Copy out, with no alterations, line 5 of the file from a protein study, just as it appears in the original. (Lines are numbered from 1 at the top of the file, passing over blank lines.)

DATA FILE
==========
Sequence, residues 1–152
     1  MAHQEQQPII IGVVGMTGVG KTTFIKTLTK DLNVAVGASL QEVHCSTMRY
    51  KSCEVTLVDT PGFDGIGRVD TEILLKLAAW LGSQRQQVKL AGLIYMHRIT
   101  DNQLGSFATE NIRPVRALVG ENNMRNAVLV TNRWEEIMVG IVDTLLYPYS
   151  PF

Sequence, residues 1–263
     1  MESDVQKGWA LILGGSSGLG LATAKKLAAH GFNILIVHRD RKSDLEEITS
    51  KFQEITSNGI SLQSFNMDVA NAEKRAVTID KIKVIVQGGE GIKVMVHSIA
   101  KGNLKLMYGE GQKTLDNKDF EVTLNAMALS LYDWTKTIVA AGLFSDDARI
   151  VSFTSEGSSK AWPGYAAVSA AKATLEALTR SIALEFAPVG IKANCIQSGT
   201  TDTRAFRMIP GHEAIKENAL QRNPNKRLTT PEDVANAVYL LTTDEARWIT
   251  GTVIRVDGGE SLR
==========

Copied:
   151  PF